Enterprise SEO (or enterprise search engine optimization) is the type of SEO that’s focused on large, branded websites. These are sites that have tens of thousands to millions of pages competing for the top spot in Google’s search results.
The scope of work that’s required in order to leverage SEO is larger and significantly more than what would be required in order to do SEO on smaller sites for those types of pages.
This is due to the fact that they’re typically more complex in nature and they require larger teams of SEO professionals in order to successfully navigate them through their respective industries, niches or verticals.
In our latest SEO analysis series, we are analyzing large, branded sites like Amazon, Walmart, and others, to name a few. We hope to bring our latest insights and knowledge into the SEO ranking factors on these sites to help you, the SEO professional, leverage your skills on similar sites that need a bit of love and care when it comes to overall SEO maintenance.
When done right it’s important to remember that there are many factors involved in achieving success with enterprise SEO, so let’s take a closer look at our first analysis project: Amazon.
About The Crawl Strategy
Amazon is a large site. So we crawled a large sampling of their URLs – approximately 423,000 of them. This is the breakdown of the results of the final crawl:
- Total URLs crawled: 423K
- Internal URLs: 146.7K
- External URLs: 295
- Resources: 276.1K
- Uncrawled URLs: Approximately 767.6K
The key to implementing recommendations in enterprise SEO is prioritization and scale. You want to make sure that you prioritize what’s important in terms of ensuring the correct implementation, while also making sure that you don’t have to work for hours on millions of URLs.
This is where things like scale and prioritization come in.
For example: you may assign certain things to your team that need to be fixed now, while taking into consideration things that need to be fixed later.
Another example: maybe you have to add Schema.org structured data in the form of JSON-LD to thousands of URLs.
Sometimes this may mean creating a program that can handle the implementation for you.
Or it means hiring some staff to help you increase your results.
Either way, the prioritization of tasks and scaling massive website changes are the things that will help you succeed in enterprise SEO.
Enterprise SEO Strategy
Amazon doesn’t need links. They need better organization and UX. For example, for many reviews, they are not separated out by product. Many reviews are extraordinarily confusing – one review talks about one product, but a different product is showing on the page.
This has nothing to do with their UX – where different variations of the product are shown on the page. Sometimes the reviews are talking about an entirely different model.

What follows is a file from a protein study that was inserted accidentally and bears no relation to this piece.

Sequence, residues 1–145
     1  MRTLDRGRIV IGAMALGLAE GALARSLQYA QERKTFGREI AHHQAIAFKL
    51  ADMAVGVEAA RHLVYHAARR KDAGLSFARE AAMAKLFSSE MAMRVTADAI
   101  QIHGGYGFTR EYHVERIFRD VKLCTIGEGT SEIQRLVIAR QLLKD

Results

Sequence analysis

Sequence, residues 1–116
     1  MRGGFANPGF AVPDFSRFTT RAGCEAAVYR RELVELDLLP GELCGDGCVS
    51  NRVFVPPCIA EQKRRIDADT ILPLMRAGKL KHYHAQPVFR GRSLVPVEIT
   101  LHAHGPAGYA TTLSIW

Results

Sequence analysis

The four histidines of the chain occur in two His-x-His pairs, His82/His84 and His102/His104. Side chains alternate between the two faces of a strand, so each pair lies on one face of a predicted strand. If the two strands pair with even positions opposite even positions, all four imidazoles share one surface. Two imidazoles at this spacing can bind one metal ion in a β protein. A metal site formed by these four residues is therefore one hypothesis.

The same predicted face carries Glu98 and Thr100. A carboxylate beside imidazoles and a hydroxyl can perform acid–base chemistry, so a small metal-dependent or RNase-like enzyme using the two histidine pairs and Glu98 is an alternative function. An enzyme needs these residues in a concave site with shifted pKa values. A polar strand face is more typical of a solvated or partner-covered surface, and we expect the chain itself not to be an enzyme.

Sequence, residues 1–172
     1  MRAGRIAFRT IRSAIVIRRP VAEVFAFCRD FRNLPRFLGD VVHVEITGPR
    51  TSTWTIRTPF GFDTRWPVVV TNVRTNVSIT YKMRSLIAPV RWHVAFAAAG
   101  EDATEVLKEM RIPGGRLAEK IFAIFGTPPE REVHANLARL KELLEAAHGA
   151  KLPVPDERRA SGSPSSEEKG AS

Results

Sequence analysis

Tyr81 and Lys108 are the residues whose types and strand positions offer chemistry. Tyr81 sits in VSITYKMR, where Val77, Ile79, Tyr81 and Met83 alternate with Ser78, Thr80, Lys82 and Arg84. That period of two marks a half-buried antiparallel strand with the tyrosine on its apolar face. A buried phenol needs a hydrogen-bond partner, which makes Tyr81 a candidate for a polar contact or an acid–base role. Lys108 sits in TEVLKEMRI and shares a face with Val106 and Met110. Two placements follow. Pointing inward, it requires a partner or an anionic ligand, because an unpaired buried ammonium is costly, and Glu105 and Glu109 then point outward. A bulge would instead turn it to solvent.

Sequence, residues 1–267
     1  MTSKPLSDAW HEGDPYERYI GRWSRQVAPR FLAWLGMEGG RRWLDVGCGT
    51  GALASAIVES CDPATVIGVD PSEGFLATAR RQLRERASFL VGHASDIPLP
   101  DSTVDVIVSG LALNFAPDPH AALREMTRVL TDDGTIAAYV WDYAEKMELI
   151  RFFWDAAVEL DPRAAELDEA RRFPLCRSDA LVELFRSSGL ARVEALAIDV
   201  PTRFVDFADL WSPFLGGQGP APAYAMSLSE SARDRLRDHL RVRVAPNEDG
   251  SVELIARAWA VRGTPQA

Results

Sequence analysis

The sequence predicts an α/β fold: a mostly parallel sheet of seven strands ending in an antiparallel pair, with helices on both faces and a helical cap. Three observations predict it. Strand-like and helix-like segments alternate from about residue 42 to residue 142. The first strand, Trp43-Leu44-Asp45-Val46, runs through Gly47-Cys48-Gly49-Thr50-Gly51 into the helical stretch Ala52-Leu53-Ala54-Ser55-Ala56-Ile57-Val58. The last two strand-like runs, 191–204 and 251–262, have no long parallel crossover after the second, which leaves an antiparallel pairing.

Let us be clear: many of these issues are going to make Amazon.com more visible to Google crawlers.
Clearly Amazon has a lot of marketing already behind the fact that they are a household name. They don’t necessarily “need” these types of improvements. Nor do they need Google.
But, many of these improvements could open doors to something that would otherwise be inaccessible to Amazon in its current configuration.
Very Old SEO Best Practices
It may be hard to believe that Amazon is using the keywords meta tag. Most of the major search engines deprecated this meta tag around 2009, and no longer use it for ranking.
Although, it is possible that Amazon could be using it for reporting.
However, because of the nature of how it’s optimized, this is something we doubt.
Many Many Blank URLs
There are approximately 126,900 blank URLs using the formatting below. There’s no purpose, rhyme, or reason that we can see. They are just…blank.
If these URLs are not serving any purpose, we recommend making sure that they are deleted. Even if they are not being indexed, Google could eventually – potentially index them anyway.
Even if they are blocked.
Inefficient Cache Policies Impacting Core Web Vitals
While on the whole, Amazon does have some good things going for it in terms of page speed, there are several opportunities that we recommend taking advantage of.
One of those is with static assets (such as product images) that are not being served with fast enough download speed.
If Amazon wishes to speed up things like Core Web Vitals, we recommend setting a cache header on the server response. This allows for that server response to tell the browser that assets do not need to be downloaded yet again, which also leads to reduced server requests.
As such, by implementing this, efficient HTTP caching can help speed up page load when it comes to repeat visits.
Strange Canonical Attributes